THE GROWTH OF THE CAUCUS
HOWEVER great may have been the stir made by the appearance of the Federation on the stage, and imposing as was the ceremony of giving the finishing touch to the work of popular organization, its solidity and its duration were to depend on the broadness of its basis in the country. The Associations of 93 places which sent delegates to the Birmingham function evidently did not present an adequate support. Consequently the leaders of the Federation zealously kept up the propaganda extra muros. Mr. Schnadhorst continued to travel about the country to advertise the model association and recommend the adoption of it, which he did in the most inviting terms: "No subscription. No opinion, creed, or position shut a man out. So long as the minority are content to submit to the majority, no matter what opinion upon any particular question a man held, he was not excluded. Free discussion was granted to all so long as perfect loyalty to each other existed. The object of their meetings was that they should be thoroughly representative in their character. The next business was the election of committees in each ward; every man was qualified, and those who were willing to serve were elected."1 Mr. Gladstone, too, was inexhaustible in praise of the Birmingham system. "I venture to say it is admirable, it is sound, it is just, it is liberal, it is popular.... A man is not bound by the Birmingham plan to subscribe to any list of political articles. That is one of the rocks on which we have split. At Birmingham you know they are tolerably advanced, but they don't attempt to exclude the most moderate.'2____________________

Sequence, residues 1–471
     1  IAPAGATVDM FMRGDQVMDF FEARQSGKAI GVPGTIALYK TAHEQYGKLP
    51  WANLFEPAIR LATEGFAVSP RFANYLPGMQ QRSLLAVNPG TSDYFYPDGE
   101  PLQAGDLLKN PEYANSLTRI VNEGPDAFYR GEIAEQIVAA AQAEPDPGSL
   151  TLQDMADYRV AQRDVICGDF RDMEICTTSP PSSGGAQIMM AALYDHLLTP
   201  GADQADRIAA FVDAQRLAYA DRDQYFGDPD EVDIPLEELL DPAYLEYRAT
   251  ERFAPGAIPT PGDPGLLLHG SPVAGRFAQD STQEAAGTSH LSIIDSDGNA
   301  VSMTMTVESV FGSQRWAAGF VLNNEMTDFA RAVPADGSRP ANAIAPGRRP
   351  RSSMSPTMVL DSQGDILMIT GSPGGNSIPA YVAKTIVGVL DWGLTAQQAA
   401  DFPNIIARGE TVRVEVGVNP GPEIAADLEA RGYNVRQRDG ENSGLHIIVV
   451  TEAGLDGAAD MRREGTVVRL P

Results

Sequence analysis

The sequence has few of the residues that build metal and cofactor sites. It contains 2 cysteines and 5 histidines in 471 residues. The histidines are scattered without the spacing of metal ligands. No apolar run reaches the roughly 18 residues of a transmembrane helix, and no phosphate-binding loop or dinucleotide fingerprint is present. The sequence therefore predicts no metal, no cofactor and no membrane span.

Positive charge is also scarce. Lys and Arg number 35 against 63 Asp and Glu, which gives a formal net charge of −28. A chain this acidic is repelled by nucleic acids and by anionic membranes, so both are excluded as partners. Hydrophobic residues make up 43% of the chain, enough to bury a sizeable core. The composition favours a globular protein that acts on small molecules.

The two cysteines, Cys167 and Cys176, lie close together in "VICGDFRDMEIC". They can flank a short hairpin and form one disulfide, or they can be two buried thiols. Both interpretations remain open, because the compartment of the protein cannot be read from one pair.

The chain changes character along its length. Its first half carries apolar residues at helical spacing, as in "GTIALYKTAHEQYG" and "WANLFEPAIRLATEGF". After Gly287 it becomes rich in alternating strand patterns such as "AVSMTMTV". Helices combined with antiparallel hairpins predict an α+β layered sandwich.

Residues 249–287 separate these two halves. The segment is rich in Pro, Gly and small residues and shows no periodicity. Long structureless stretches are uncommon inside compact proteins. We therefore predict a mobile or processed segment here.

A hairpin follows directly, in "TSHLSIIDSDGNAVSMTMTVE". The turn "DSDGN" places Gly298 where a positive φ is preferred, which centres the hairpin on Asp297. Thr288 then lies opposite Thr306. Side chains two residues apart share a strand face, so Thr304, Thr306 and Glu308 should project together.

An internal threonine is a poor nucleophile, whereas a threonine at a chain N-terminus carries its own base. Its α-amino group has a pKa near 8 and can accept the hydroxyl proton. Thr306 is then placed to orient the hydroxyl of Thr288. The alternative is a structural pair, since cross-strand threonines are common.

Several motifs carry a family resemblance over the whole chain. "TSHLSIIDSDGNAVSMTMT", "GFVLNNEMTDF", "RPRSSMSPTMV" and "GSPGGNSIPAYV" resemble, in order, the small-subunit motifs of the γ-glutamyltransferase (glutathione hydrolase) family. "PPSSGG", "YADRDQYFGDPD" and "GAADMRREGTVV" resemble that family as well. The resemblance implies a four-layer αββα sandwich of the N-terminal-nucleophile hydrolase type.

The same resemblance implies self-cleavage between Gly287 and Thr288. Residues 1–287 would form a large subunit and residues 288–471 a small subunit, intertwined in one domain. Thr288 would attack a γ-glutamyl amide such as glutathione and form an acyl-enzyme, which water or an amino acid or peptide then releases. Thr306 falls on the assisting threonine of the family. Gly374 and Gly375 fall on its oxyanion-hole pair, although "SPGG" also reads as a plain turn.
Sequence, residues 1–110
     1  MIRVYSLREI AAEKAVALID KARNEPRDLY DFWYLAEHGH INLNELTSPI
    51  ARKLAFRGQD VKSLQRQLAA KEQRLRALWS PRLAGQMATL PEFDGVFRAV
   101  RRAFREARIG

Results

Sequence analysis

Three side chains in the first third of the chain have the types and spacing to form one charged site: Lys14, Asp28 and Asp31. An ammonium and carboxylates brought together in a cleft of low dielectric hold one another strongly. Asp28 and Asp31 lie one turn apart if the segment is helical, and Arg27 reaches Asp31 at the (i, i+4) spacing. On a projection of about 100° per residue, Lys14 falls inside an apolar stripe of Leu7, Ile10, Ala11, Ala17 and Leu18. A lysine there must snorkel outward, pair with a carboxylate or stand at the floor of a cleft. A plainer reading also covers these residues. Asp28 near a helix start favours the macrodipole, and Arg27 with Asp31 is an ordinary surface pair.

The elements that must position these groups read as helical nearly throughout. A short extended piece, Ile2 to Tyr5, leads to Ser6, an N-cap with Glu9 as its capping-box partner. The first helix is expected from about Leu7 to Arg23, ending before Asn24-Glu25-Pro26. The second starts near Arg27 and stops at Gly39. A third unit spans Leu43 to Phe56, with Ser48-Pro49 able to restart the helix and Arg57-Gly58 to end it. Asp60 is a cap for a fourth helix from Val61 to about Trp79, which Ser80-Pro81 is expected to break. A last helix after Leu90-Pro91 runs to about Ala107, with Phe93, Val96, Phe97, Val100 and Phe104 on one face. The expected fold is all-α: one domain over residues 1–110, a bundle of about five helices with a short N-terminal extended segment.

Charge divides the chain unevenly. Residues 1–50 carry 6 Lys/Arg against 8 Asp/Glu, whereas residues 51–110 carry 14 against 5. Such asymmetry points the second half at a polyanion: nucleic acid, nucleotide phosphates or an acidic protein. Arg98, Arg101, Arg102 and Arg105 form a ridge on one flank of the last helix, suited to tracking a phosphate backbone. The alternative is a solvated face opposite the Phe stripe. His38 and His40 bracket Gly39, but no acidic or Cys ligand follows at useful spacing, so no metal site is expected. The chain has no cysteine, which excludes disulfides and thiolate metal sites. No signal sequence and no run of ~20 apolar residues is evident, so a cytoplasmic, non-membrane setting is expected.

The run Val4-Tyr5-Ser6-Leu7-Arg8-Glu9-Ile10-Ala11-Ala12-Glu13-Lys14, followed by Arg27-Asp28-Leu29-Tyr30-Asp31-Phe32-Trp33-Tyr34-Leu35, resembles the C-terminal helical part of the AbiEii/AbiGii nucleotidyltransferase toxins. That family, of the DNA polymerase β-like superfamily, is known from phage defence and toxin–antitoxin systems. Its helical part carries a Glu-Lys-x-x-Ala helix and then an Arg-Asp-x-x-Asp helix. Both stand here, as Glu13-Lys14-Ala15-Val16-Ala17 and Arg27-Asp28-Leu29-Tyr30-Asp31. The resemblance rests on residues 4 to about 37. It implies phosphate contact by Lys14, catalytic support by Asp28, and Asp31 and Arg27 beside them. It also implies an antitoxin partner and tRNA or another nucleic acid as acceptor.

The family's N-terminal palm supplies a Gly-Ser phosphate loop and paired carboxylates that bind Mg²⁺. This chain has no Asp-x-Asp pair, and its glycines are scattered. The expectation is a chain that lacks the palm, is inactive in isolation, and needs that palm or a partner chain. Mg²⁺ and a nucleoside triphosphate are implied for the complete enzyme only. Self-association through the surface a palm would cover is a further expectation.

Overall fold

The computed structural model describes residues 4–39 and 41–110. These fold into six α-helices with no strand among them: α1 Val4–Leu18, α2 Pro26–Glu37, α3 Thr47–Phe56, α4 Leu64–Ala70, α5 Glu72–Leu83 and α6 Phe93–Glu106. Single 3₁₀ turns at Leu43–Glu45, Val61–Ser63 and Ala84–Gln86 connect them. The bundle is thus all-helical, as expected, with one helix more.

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Publication information: Book title: Democracy and the Organization of Political Parties. Volume: 1. Contributors: M. Ostrogorski - Author, Frederick Clarke - Translator. Publisher: Macmillan. Place of publication: New York. Publication year: 1922. Page number: 183.